Reviews written by registered user
|3 reviews in total|
A decent effort by this first-time director who well deserved the FIPRESCI (international critics) prize that the film won at the Cottbus (Germany) festival in October 2013. This is a full-frontal presentation of the difficulties involved in growing up in one of the poorest countries in Europe, but one which avoids falling into the trap of misérabilisme. Cobileanski achieves a fine balance between hope and despair despite the film's downbeat ending, and the film's characters are depicted with a degree of sympathy that precludes caricature. The Unsaved does not seem to have had much of a commercial career to date (June 2014) but it deserves a wider audience, at least at festivals.
I saw this in the Cannes market two weeks ago and it has lingered in my mind as one of the better offerings at the festival as a whole. It appears at first to be a gritty piece of social realism in the manner of Ken Loach but gradually evolves, adding touches of humour and wistful fantasy as the protagonists break out of their urban environment and settle into a road-movie routine. A late plot development introduces a blast of harsh reality and paves the way to a bitter-sweet conclusion. Polina Pushkaruk is excellent as Anya, the young woman determined to put her past behind her, and Vika Lobacheva utterly charming as the 13-year-old who plays on her heart-strings. This is accomplished filmmaking, and Ilmar Raag is clearly not a newcomer on the scene. He does not appear to have established himself as a name in the West, but hopefully I Won't Come Back is a first step towards changing that.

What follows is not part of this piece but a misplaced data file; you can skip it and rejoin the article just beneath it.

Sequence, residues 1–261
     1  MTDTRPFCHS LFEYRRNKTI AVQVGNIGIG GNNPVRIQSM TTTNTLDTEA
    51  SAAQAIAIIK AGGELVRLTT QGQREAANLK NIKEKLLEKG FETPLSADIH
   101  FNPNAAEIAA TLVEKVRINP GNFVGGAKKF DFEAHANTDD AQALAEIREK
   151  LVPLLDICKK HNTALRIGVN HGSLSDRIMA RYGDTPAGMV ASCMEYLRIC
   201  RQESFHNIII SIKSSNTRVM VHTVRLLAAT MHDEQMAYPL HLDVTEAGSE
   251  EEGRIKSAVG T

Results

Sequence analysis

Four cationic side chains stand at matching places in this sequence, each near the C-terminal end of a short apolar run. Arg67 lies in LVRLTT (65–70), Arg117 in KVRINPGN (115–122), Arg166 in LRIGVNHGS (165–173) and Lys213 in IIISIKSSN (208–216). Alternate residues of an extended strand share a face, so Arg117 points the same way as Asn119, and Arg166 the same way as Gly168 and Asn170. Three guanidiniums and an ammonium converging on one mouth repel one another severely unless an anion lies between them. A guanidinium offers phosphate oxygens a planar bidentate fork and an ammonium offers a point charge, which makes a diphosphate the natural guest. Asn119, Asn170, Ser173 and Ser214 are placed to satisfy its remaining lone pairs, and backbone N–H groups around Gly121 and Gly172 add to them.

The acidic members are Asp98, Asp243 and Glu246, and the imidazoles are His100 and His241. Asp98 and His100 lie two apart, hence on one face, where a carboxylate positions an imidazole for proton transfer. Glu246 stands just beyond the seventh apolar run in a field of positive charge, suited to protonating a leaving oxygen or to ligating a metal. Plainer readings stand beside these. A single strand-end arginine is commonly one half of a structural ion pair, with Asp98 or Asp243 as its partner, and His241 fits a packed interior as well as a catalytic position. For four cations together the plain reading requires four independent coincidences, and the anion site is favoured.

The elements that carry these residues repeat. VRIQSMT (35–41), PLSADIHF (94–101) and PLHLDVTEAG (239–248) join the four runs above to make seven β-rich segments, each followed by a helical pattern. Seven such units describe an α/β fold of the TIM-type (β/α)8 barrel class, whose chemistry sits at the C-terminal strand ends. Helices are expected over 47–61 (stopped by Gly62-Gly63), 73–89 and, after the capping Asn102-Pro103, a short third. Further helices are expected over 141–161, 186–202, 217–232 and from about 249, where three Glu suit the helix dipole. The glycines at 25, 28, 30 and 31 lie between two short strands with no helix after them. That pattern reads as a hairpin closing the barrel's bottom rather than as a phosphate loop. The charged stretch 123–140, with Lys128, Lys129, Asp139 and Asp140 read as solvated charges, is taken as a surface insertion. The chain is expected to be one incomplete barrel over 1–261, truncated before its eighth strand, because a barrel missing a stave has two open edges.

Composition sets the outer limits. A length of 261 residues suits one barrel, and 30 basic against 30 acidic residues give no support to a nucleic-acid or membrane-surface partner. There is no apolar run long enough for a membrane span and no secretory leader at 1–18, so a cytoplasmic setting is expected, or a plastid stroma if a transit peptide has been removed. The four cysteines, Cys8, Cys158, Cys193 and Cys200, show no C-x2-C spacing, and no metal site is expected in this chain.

Samuel Beckett fans will get off on this. Georges Corraface and Jean-Jérôme Esposito do a great job as a pair of down and outs who seem unsure of what they're waiting for and have an unhealthy interest in small children. Director Milesi, better known as Robert Guédiguian's regular writer, also produced and edited and wrote the music, and as is usually the case with one-man-shows the movie is over-long and lacks a firm sense of direction. But it's strong on mood and style (the Paris suburbs by night have rarely featured this strongly in a movie) and has a great sound-track (some of it capably sung by Milesi). As of the time of writing, this low-budget movie has still to find a distributor in its own country and may not spread much further than a small circle of friends. But if it shows up in your neighbourhood, it's worth the trip.